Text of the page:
Royal Bank of Canada (RBC) was assessed an administrative penalty of nearly 7.5 million Canadian dollars (then-U.S. $5.5 million) by the country’s financial intelligence agency for alleged deficiencies in its suspicious transaction reporting mechanisms.
The penalty was imposed Nov. 3 but announced by the Financial Transactions and Reports Analysis Centre of Canada (FINTRAC) on Tuesday. The agency said it found evidence of noncompliance with the Proceeds of Crime (Money Laundering) and Terrorist Financing Act at RBC following an examination in 2022.
The details: FINTRAC alleged three specific violations at RBC:
- Failure to submit suspicious transaction reports in cases where suspected money laundering offenses were considered reasonable. This impacted 16 out of 130 case files reviewed and included instances related to fraud and failures in the bank’s escalation and investigation procedures.
- Failure to provide required information in suspicious transaction reports, including filing separate reports for different branch locations. FINTRAC said its review found 29 of 34 reports that included transactions for multiple locations.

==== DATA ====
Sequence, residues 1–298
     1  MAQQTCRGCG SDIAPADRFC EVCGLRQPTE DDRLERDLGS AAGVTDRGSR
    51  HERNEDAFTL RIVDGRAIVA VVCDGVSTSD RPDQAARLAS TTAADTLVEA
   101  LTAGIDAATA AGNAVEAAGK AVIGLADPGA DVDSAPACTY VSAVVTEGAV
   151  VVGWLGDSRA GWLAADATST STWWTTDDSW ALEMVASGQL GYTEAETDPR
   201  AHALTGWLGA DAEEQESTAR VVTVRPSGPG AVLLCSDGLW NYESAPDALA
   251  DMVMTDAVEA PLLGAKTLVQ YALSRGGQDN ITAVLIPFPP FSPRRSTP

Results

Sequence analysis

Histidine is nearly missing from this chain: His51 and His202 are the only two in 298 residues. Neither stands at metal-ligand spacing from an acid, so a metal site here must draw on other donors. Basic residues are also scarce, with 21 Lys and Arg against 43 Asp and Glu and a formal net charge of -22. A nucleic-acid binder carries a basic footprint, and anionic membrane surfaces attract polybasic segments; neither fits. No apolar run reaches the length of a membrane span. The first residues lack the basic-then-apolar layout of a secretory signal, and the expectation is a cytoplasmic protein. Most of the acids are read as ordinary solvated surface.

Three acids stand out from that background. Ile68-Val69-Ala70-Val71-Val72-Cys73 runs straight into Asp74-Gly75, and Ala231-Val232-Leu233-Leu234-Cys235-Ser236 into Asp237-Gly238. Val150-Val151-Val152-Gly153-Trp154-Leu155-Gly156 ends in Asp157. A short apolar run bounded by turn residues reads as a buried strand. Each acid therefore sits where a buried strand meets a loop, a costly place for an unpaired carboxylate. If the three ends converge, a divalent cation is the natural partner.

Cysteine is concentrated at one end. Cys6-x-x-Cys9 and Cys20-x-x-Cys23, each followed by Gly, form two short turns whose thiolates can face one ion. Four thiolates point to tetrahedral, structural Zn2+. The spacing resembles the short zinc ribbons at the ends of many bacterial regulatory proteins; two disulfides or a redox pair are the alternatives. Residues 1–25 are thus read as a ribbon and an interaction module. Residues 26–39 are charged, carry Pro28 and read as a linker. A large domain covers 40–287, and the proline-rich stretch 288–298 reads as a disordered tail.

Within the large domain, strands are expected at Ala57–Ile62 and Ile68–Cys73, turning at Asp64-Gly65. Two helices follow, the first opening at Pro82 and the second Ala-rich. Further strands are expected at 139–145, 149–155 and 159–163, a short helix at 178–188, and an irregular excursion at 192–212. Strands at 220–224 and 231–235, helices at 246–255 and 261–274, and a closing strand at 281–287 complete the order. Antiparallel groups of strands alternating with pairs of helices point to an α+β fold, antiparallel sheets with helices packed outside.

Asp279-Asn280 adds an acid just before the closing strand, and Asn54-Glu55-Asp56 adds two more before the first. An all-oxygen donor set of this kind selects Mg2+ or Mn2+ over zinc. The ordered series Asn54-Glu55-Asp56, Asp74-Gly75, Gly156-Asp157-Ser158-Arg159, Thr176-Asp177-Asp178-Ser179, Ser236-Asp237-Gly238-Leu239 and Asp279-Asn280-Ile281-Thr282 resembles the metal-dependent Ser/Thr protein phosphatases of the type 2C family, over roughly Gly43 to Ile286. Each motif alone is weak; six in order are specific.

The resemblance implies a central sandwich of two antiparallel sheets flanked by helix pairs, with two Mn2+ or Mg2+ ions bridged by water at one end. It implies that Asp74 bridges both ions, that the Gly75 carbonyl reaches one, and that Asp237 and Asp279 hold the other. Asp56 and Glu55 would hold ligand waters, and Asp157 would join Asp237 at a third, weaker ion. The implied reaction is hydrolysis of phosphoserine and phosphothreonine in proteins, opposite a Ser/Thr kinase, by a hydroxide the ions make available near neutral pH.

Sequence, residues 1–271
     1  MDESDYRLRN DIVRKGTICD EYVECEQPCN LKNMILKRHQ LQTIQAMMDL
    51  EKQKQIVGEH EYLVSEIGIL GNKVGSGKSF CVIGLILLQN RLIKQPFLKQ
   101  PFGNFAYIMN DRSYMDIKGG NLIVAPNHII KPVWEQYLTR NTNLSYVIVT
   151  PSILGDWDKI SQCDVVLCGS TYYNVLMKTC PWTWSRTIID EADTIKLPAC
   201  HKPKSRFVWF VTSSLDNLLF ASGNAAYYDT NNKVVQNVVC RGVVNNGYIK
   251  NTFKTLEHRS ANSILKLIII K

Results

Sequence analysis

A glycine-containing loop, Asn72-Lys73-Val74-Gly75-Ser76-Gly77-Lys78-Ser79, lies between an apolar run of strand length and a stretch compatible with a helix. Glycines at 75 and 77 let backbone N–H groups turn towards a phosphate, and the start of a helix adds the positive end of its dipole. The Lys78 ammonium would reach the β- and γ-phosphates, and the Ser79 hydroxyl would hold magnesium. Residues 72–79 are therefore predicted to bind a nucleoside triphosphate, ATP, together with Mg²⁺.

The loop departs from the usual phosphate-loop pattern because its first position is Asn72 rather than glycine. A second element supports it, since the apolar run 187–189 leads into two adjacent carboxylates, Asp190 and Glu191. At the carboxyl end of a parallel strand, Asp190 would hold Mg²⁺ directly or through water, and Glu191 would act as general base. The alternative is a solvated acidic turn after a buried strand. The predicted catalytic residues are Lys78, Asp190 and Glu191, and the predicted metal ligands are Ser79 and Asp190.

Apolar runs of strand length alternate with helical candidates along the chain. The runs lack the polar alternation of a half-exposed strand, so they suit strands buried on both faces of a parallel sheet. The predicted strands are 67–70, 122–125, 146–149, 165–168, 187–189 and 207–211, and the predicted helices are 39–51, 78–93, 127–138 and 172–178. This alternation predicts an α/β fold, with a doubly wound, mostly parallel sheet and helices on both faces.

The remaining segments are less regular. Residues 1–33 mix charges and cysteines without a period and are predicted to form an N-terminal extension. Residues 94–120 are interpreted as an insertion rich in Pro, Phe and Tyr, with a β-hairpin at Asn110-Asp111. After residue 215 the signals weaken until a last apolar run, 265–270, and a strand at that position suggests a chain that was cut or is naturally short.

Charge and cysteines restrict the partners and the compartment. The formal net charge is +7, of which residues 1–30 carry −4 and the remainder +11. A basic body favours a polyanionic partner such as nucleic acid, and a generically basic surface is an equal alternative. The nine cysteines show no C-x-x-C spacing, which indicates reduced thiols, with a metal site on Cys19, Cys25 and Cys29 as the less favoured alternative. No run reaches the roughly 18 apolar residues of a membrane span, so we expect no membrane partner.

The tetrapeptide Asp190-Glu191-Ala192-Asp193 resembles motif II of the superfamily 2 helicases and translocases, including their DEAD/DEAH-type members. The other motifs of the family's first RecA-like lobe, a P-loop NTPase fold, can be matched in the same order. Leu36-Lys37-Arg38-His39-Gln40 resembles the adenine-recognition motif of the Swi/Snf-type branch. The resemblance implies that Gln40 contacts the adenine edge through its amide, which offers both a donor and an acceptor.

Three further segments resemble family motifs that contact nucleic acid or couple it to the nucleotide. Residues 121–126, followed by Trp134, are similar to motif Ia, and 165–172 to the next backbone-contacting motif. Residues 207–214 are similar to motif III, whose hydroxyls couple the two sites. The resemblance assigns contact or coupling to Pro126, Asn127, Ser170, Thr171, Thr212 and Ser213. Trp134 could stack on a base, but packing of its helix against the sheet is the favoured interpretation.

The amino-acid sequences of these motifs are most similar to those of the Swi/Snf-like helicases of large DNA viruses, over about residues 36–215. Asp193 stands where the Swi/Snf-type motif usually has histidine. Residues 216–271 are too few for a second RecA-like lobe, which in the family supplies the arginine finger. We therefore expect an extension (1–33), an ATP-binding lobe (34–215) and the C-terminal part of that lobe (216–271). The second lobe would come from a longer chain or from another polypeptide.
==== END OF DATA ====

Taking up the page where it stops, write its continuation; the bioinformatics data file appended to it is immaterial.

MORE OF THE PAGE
- Failure to keep written policies and procedures up to date. FINTRAC said some of RBC’s procedures for reporting suspicious transactions were “incomplete, inadequate, and in some cases not applicable.”
The agency noted its penalty was not in response to any criminal offenses for money laundering or terrorist activity financing.
Compliance considerations: The penalty amount is notable considering FINTRAC issued approximately CAD$1.2 million (U.S. $880,000) in fines across eight other actions published online this year.
Bank response: “We hold ourselves to the highest standards on our processes to report suspicious activity and quickly took action to address gaps,” said RBC in an emailed statement. “We chose not to appeal but believe the fine is not at all commensurate with an administrative matter where there is no connection to money laundering or terrorist financing offences.
“Equally important, there is no finding that anyone exercised judgment in bad faith or knowingly contributed to violations.”